In these device embodiments, entire device structure 1200 may be formed of high-density wire braid materials. The density may be chosen so that the interwire hole sizes are sufficiently small to block the passage of harmful-sized emboli. Device structure 1200 with a suitably high-density wire braid may itself act as a blood-permeable filter, and thereby dispense with the need of a separate filter element. FIGS. 10a and 10 b show, for example, device 1000 having high-density wire braid device structure 1200. The high-density wire braid may be formed of shape-memory alloy materials such as nitinol wire. Alternative materials such as stainless steel or polymer fibers also may be used to fabricate the high-density wire braid device structure 1200. In one fabrication process, the high density is obtained by interbraiding different size wires and/or different material wires. Using different wire sizes in the wire braids may allow fabrication of device structure 1200 of suitable structural strength with smaller interwire hole sizes than is possible in single wire size braids. For example, a fine polymer fiber may be interwoven with size 22-74 size nitinol wire to obtain a wire braid with hole sizes smaller than may be possible using the nitinol wire alone. The hole size distribution is determined by the size and amount of the polymer fiber used in the interwoven wire braid. This distribution may be chosen to provide effective filtering of harmful emboli.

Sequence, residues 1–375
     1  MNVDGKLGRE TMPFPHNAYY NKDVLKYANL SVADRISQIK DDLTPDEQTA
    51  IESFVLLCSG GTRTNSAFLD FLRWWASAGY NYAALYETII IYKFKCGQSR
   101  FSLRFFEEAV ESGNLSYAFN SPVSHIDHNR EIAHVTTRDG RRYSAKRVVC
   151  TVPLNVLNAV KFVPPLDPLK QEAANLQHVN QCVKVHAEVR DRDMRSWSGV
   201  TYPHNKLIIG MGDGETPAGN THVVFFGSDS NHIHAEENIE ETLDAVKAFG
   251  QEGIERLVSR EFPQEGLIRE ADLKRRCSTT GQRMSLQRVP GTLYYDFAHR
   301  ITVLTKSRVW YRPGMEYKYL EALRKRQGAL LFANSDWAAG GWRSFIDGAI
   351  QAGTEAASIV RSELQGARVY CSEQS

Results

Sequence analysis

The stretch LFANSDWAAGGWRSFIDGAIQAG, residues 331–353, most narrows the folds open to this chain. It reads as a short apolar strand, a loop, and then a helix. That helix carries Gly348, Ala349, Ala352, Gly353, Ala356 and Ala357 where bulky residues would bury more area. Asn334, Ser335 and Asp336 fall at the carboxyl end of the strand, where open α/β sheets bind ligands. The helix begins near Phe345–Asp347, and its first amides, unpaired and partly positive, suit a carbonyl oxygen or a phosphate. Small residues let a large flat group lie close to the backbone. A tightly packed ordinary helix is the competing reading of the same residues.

In a further device embodiment, a distinct proximal cover substructure may be formed or attached to cylinder-shaped wire braid device structures 1200 of the previous embodiments. FIGS. 11a and 11 b show, for example, device 1100 in which a proximal cover 1120 is attached to wire braid device structure 1200. Proximal cover 1120 acts to cover and seal the ostium of atrial appendage 910, as is illustrated, for example, in FIG. 11b. Proximal cover 1120 may be have a wire braid structure or have any other suitable structure, for example, the tine supported structure similar to that of proximal cover 110 described earlier. (FIGS. 1a, 1 b, and ic). Proximal cover 1120 may include suitable filtering membranes or elements for filtering emboli. These membranes or elements may, for example, be similar to filter membrane 850 or filter element 140 described earlier (FIGS. 8a and 1 c).